By Ryan McNeill
Last week Bill emailed me an article that he found in the Baltimore Sun called “Lincoln gets right to the points” which has me worked up about this game all over again. Earlier this month I wrote an article about my displeasure at this school running up the score and this article only served to infuriate me further as the coach and players don’t seem to understand the problem with what transpired earlier this month.
The first problem I had with this article came when Lincoln forward Dwight Dean told the Sun:
“They were a backup team that wasn’t really supposed to play. They only had six players, and the biggest was about 6-2, maybe 6-3. We press every game no matter who we play. It just came together and we executed at will. Everybody [all 16 Lincoln players who dressed] got significant minutes.”
Adding to my frustration was the quote immediately following Dean’s this article by Vincent Carter-Bey who said:
“We executed off their mistakes, and just took it as a normal game. Our style is up and down, and we score a lot of points. Unfortunately, we scored so many.”
First off, are they an underhanded team that you took it easy on or did you treat this like a normal game and show no mercy? I think that the players lack of clarity in this shows that they weren’t sure how to approach this game. I also want to stress that since these players are barely out of their teens so I don’t feel the responsibility for sportsmanship should fall upon them. Rather, it should be placed on their head coach that dictated defensive sets and doles out playing time. While players should be held accountable to some extent for their actions on the court I don’t think you can blame a player for going out and doing what his coach has instructed him to do.
Also, there’s no reason for any team to use press during a blowout. There isn’t a rule in NCAA hoops about this but in the elementary school league that I coach in there’s even a rule that stipulates that teams up by more than 15 points aren’t able to use a press.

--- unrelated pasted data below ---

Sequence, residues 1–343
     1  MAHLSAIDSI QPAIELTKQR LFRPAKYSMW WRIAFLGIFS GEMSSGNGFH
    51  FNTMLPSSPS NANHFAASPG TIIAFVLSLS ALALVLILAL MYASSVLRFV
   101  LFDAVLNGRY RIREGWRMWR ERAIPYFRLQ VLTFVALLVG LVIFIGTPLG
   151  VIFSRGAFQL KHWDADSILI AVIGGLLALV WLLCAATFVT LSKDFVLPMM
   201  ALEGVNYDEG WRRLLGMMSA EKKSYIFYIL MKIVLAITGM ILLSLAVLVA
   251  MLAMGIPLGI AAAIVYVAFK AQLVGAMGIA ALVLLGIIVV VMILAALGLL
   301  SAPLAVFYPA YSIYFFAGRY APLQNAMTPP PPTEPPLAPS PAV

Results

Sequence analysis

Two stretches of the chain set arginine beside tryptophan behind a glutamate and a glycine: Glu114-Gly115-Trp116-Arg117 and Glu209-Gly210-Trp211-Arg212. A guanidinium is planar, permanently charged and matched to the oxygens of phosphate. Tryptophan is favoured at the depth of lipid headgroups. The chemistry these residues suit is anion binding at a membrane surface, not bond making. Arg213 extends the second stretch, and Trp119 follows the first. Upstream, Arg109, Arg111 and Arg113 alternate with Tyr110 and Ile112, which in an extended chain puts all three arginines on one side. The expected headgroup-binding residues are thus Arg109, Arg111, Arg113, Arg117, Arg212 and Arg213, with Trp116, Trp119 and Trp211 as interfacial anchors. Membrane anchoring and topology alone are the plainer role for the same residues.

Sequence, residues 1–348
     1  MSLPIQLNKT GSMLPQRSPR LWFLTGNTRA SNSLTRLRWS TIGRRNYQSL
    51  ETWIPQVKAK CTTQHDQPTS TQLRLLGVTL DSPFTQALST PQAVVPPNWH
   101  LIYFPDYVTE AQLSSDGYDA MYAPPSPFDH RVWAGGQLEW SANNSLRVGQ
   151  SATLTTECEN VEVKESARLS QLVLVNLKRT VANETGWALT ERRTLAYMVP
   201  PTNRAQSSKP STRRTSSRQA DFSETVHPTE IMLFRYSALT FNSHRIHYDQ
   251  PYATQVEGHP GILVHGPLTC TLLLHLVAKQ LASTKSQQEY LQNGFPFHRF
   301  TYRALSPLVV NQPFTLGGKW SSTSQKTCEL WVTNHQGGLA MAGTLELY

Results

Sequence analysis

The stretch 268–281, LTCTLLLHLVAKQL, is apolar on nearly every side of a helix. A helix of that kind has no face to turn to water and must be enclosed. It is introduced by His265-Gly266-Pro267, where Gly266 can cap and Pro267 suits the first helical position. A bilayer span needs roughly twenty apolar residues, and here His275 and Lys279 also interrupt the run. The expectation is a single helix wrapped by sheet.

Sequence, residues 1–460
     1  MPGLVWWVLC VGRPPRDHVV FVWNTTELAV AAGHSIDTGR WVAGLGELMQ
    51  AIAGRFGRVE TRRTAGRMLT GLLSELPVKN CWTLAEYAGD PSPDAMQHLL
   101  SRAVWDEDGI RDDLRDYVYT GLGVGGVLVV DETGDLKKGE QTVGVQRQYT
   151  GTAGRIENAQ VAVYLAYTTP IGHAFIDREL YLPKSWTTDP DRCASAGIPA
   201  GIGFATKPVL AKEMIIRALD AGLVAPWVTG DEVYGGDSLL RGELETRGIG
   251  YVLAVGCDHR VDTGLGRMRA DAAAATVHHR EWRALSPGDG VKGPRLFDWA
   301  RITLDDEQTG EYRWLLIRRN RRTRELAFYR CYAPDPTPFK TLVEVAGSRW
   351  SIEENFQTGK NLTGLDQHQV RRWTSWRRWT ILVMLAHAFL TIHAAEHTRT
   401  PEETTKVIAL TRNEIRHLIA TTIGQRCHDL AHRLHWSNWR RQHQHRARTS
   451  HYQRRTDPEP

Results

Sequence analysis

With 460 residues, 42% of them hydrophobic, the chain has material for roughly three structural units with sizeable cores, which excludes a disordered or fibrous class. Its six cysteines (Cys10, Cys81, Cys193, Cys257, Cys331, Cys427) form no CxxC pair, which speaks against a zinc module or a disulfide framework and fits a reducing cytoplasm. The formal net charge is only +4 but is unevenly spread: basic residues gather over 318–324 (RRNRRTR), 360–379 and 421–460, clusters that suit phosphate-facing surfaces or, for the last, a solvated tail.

Later in the article the writer, Kent Baker, tried to make excuses for Lincoln scoring 201 points by writing:
“The Lions are averaging 115.3 points, and have topped 90 points in five of their first six games.”
Kent, these stats aren’t helping Lincoln’s case. To me this is like a NBA beat writer not being surprised because the Phoenix Suns scored 201 points in a game because they have a high octane offense. To me the bottom line is Lincoln nearly doubled what they had been averaging against a team they admit was weaker competition.
Something else that got my blood boiling is when Dwight Dean said:
“They knew our style. There wasn’t any disrespect.”
To me this is the equivalent of a bully in grade 8 picking on the smallest kid in grade 5 and this being accepted because he’s bigger and older. The fact that Lincoln is a stronger team and that OSM was missing some players doesn’t mean that Lincoln can kick them around the court.
The final part of this article I want to address is Sam Wylie’s stat line. I talked about this in my previous post on this game but I want to vent again. Baltimore Sun writer Kent Baker summed up Wylie’s game by writing:
“Sami Wylie made an NCAA-record 21 three-point shots and scored 69 points”
How could a head coach ever let his star player chuck up 41 attempts from beyond the arc and score 69 points? I’ve talked to some coaching friends since I posted my first article about this game and none of them can fathom what could have been going through the mind of Lincoln’s head coach.
I’ve played in and I’ve coached some games that were blowouts, however I’ve never witnessed a game where a team scored over 200 points while the opposition failed to score 100.
After reading this article in the Baltimore Sun trying to justify the actions of Lincoln’s players and coach I still can’t see the sportsmanship in how Lincoln played against OSM. What does everyone else think about this game?